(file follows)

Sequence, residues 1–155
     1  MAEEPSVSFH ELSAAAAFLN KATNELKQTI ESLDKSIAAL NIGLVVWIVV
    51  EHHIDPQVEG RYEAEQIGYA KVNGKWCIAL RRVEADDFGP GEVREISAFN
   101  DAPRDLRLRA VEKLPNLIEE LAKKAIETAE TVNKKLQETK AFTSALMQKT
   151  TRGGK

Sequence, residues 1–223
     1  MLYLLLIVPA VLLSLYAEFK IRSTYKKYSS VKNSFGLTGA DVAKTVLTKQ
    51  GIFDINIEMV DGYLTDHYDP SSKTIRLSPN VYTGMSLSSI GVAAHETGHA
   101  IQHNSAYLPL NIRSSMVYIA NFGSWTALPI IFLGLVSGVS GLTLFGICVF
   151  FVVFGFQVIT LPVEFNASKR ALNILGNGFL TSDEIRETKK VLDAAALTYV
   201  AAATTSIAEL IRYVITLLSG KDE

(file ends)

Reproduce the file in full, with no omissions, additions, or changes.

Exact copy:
Sequence, residues 1–155
     1  MAEEPSVSFH ELSAAAAFLN KATNELKQTI ESLDKSIAAL NIGLVVWIVV
    51  EHHIDPQVEG RYEAEQIGYA KVNGKWCIAL RRVEADDFGP GEVREISAFN
   101  DAPRDLRLRA VEKLPNLIEE LAKKAIETAE TVNKKLQETK AFTSALMQKT
   151  TRGGK

Sequence, residues 1–223
     1  MLYLLLIVPA VLLSLYAEFK IRSTYKKYSS VKNSFGLTGA DVAKTVLTKQ
    51  GIFDINIEMV DGYLTDHYDP SSKTIRLSPN VYTGMSLSSI GVAAHETGHA
   101  IQHNSAYLPL NIRSSMVYIA NFGSWTALPI IFLGLVSGVS GLTLFGICVF
   151  FVVFGFQVIT LPVEFNASKR ALNILGNGFL TSDEIRETKK VLDAAALTYV
   201  AAATTSIAEL IRYVITLLSG KDE